“We actually have a standard for patient-reported outcomes [PROs] implementation,” Adler-Milstein noted. “It is FHIR-based and we have an implementation guide. But if you look at the level of adoption, and whether it's federally required, the answers are low and no.” The key thing is not just to have the standard, but to get it in common use, she said. “If you're at the point of saying you want to build a multistakeholder learning health system effort around a given patient-reported outcome, you can reasonably assume then that the FHIR standard will be the one that's implemented so that you can have this PRO measured in a consistent way across all the people that might be contributing data. HIE is not just about moving the data. Ideally, it's moving around standardized data. We really need to come to some agreement on the standards that we use to encode really important data, like patient-reported outcomes and social determinants, just to name a couple.”

Adler-Milstein shared a chart that showed the movement of Medicare beneficiaries across pairs of hospitals in the United States. “I think it's such a fun graph, because it really shows patients are moving around a lot. And you can see the snowbirds and you can see all the different patterns that you would expect. What we need is HIE that actually matches this graph, so that when patients are doing this movement, we can capture their complete data.” She and colleagues used that data to do a survey of hospitals and ask them: Are you actually exchanging data with the other hospital with which you share the highest volume of patients?  “What we found was that 63 percent of those pairs said that they were not or only a little bit interoperable with that other specific hospital.”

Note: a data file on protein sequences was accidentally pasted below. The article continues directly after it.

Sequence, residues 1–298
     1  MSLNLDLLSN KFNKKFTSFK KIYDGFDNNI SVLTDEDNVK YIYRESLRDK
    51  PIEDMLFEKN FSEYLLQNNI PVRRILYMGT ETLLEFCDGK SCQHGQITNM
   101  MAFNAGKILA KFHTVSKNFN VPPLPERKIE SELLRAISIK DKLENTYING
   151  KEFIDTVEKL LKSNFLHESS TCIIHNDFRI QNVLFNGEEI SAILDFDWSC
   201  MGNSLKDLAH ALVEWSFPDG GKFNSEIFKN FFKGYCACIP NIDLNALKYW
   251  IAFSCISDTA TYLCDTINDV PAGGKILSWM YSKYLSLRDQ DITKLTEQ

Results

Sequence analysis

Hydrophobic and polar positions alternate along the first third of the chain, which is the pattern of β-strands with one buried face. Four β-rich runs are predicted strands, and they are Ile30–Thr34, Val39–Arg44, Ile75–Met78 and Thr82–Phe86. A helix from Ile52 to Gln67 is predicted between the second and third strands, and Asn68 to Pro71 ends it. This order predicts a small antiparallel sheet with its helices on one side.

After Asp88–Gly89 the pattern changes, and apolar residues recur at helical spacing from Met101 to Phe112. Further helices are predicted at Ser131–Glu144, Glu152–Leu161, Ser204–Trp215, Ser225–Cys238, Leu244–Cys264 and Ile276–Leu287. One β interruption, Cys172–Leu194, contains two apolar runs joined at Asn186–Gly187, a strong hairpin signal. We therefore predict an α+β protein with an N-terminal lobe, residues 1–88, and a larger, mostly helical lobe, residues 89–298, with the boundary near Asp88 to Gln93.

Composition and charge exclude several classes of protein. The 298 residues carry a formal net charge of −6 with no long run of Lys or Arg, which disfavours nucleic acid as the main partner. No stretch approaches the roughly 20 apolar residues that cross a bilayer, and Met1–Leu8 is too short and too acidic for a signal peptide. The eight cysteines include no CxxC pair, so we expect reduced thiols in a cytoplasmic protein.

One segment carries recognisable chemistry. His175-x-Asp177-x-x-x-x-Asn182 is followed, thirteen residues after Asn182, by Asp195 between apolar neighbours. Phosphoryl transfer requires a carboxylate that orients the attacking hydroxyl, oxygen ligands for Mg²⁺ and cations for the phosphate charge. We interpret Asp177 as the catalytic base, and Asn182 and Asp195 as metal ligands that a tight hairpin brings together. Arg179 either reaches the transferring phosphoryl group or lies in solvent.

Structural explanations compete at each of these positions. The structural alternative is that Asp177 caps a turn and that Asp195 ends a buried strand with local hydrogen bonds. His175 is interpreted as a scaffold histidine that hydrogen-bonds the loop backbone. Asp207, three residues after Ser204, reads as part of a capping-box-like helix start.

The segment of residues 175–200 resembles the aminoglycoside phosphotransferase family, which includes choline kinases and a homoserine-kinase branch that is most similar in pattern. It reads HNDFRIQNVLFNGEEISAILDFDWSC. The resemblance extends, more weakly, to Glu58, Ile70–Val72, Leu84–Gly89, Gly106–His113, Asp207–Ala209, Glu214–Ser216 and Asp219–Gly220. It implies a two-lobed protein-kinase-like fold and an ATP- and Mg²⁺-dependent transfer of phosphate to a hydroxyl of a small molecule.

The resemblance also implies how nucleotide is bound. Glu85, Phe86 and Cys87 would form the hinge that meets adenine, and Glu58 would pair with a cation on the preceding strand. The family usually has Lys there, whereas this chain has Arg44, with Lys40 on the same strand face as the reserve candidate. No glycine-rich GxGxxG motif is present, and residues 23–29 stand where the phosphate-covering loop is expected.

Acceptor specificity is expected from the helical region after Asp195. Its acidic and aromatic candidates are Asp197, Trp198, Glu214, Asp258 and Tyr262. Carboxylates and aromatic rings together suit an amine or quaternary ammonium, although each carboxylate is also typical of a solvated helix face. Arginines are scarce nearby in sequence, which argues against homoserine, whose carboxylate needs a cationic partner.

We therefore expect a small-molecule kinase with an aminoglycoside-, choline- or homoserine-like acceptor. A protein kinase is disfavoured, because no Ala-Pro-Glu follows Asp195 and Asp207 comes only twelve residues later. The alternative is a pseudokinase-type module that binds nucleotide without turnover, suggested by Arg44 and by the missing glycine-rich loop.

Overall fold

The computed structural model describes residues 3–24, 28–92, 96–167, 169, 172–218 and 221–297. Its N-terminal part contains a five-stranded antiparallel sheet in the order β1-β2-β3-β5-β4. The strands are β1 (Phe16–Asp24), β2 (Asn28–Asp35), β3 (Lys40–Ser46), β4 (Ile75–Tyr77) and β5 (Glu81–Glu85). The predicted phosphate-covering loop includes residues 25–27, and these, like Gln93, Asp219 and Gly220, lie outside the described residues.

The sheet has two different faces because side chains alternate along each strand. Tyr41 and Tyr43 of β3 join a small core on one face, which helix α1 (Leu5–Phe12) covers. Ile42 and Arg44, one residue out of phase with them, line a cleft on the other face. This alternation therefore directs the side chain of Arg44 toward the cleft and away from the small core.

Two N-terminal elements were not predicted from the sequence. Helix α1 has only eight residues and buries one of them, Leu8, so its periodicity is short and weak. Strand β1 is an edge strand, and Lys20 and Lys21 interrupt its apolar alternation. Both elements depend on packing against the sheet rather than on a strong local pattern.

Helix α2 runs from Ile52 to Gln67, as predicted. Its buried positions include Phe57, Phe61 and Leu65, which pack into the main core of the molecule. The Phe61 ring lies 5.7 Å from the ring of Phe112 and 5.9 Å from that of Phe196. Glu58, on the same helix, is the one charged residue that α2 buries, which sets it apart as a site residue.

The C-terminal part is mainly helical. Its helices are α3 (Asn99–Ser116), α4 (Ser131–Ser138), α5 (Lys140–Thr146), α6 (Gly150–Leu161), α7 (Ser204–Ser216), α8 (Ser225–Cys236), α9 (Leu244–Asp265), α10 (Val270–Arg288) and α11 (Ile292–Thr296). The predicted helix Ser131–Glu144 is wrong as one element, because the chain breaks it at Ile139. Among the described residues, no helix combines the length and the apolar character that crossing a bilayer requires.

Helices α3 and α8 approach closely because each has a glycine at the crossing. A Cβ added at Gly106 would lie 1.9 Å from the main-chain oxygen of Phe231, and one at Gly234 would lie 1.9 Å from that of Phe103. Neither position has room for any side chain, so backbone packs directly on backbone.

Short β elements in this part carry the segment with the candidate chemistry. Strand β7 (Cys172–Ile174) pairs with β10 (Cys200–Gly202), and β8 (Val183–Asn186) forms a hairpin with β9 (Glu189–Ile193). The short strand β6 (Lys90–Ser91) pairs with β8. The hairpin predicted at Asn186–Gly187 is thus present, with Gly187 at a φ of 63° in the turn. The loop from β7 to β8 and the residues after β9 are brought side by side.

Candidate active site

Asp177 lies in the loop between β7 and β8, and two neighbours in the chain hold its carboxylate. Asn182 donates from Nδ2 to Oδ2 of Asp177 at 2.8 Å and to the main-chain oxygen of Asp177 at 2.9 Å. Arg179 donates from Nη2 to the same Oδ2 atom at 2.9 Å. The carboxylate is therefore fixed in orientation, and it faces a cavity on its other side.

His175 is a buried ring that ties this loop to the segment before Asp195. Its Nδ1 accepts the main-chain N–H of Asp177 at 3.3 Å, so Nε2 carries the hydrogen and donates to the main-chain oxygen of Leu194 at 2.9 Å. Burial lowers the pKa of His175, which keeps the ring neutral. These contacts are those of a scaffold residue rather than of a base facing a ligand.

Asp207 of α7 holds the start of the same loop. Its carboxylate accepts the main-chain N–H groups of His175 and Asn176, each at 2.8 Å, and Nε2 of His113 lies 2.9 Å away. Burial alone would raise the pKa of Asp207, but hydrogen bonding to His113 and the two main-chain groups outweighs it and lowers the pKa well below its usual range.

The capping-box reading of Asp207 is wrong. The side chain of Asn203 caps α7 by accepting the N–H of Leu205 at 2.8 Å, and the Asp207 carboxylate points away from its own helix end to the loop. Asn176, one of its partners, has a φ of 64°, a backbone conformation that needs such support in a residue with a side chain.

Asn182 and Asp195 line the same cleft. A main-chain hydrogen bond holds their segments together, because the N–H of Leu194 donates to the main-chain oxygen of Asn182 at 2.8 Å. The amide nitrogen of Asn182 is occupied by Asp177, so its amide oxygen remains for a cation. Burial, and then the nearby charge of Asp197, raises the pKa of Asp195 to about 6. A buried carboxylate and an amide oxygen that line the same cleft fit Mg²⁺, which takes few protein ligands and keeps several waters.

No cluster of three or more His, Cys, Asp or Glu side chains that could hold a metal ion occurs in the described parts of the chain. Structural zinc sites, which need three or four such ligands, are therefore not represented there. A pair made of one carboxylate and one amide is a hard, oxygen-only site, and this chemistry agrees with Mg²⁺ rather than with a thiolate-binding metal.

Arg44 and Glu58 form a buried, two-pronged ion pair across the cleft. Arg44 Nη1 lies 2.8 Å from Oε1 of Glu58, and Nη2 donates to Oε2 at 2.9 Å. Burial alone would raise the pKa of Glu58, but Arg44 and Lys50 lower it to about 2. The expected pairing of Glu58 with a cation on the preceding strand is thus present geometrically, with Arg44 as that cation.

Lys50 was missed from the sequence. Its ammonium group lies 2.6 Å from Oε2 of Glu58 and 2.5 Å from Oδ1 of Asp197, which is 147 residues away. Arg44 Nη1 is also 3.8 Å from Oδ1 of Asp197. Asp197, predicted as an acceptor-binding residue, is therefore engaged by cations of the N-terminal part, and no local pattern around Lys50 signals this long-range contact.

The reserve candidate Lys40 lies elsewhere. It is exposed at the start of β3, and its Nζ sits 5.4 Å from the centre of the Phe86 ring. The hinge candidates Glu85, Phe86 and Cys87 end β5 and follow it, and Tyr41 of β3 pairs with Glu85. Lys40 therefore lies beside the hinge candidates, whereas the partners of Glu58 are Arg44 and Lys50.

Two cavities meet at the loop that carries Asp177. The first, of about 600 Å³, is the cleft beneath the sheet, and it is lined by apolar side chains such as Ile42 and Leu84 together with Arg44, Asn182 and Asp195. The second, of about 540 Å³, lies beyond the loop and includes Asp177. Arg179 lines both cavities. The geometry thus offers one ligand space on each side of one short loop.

“The first problem that we need to solve is actually aligning the infrastructure with where patients are going to get care,” she said. “For learning health system efforts, this is key because if Michigan Medicine is doing a learning health system project that relates to readmissions, you need to know all the places your patients are getting readmitted. That requires HIE with the entities that might reasonably receive a readmission for someone that had been seen at Michigan Medicine.”

Adler-Milstein offered up a few interoperability policy predictions. She said she believes we will continue to be on a fairly incremental progress pathway, “but I don't think it's going to change rapidly in the coming years. A lot of the activity we’ll be seeing will be around this notion of US Core Data for Interoperability, because that is now the new standard for what EHRs need to be able to share. It will be really important to expand USCDI over time, so that the bar gets raised in terms of what all EHR systems need to be able to share.”